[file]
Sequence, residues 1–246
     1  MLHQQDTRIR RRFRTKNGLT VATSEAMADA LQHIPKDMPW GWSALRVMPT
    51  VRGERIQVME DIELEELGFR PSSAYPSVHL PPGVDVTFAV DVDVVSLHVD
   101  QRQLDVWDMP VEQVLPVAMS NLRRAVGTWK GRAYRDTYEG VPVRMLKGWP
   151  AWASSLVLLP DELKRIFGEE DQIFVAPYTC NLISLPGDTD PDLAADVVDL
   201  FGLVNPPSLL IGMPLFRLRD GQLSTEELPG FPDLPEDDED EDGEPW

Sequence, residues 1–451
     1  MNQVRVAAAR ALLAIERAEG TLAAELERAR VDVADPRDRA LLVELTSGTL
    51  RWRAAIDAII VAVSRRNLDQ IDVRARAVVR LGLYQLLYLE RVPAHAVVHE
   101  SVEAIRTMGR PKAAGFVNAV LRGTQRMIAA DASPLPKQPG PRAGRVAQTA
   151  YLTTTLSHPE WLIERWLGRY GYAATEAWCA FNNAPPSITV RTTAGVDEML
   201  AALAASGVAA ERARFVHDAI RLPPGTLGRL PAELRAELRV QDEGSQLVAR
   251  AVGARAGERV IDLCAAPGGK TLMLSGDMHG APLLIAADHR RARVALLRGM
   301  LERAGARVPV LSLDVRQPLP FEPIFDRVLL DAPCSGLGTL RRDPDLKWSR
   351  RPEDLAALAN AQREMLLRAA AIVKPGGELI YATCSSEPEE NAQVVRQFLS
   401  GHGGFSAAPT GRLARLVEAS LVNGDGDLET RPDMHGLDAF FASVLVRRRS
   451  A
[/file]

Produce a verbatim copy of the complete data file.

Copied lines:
Sequence, residues 1–246
     1  MLHQQDTRIR RRFRTKNGLT VATSEAMADA LQHIPKDMPW GWSALRVMPT
    51  VRGERIQVME DIELEELGFR PSSAYPSVHL PPGVDVTFAV DVDVVSLHVD
   101  QRQLDVWDMP VEQVLPVAMS NLRRAVGTWK GRAYRDTYEG VPVRMLKGWP
   151  AWASSLVLLP DELKRIFGEE DQIFVAPYTC NLISLPGDTD PDLAADVVDL
   201  FGLVNPPSLL IGMPLFRLRD GQLSTEELPG FPDLPEDDED EDGEPW

Sequence, residues 1–451
     1  MNQVRVAAAR ALLAIERAEG TLAAELERAR VDVADPRDRA LLVELTSGTL
    51  RWRAAIDAII VAVSRRNLDQ IDVRARAVVR LGLYQLLYLE RVPAHAVVHE
   101  SVEAIRTMGR PKAAGFVNAV LRGTQRMIAA DASPLPKQPG PRAGRVAQTA
   151  YLTTTLSHPE WLIERWLGRY GYAATEAWCA FNNAPPSITV RTTAGVDEML
   201  AALAASGVAA ERARFVHDAI RLPPGTLGRL PAELRAELRV QDEGSQLVAR
   251  AVGARAGERV IDLCAAPGGK TLMLSGDMHG APLLIAADHR RARVALLRGM
   301  LERAGARVPV LSLDVRQPLP FEPIFDRVLL DAPCSGLGTL RRDPDLKWSR
   351  RPEDLAALAN AQREMLLRAA AIVKPGGELI YATCSSEPEE NAQVVRQFLS
   401  GHGGFSAAPT GRLARLVEAS LVNGDGDLET RPDMHGLDAF FASVLVRRRS
   451  A